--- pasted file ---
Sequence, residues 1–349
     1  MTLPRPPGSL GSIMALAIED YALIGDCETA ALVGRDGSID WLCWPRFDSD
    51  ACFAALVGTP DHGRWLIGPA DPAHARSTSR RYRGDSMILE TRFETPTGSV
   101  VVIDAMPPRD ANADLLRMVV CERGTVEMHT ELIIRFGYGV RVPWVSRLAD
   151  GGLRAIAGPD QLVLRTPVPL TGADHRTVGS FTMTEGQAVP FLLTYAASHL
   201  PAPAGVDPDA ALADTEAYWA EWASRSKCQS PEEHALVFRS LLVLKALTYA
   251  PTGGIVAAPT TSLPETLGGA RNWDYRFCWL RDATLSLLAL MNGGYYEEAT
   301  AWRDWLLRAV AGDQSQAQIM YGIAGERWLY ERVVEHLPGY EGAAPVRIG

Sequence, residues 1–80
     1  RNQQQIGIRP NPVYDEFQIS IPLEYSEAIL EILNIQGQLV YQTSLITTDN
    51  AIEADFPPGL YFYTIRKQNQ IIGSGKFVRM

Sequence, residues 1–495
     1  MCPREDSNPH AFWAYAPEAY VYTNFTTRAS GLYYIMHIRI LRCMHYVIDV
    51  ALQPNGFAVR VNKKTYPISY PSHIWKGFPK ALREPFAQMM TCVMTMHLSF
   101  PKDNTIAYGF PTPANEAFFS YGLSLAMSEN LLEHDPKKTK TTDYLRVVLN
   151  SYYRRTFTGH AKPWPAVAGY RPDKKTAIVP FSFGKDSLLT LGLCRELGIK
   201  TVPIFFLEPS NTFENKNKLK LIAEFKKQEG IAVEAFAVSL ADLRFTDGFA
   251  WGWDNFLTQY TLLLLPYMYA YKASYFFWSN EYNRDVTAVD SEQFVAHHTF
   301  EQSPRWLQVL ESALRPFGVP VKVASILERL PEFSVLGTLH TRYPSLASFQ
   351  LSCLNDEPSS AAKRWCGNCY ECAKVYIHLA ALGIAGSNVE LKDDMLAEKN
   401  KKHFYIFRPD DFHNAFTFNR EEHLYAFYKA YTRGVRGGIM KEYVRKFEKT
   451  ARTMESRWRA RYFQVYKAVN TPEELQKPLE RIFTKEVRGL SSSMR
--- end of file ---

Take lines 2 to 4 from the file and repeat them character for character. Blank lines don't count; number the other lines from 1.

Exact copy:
     1  MTLPRPPGSL GSIMALAIED YALIGDCETA ALVGRDGSID WLCWPRFDSD
    51  ACFAALVGTP DHGRWLIGPA DPAHARSTSR RYRGDSMILE TRFETPTGSV
   101  VVIDAMPPRD ANADLLRMVV CERGTVEMHT ELIIRFGYGV RVPWVSRLAD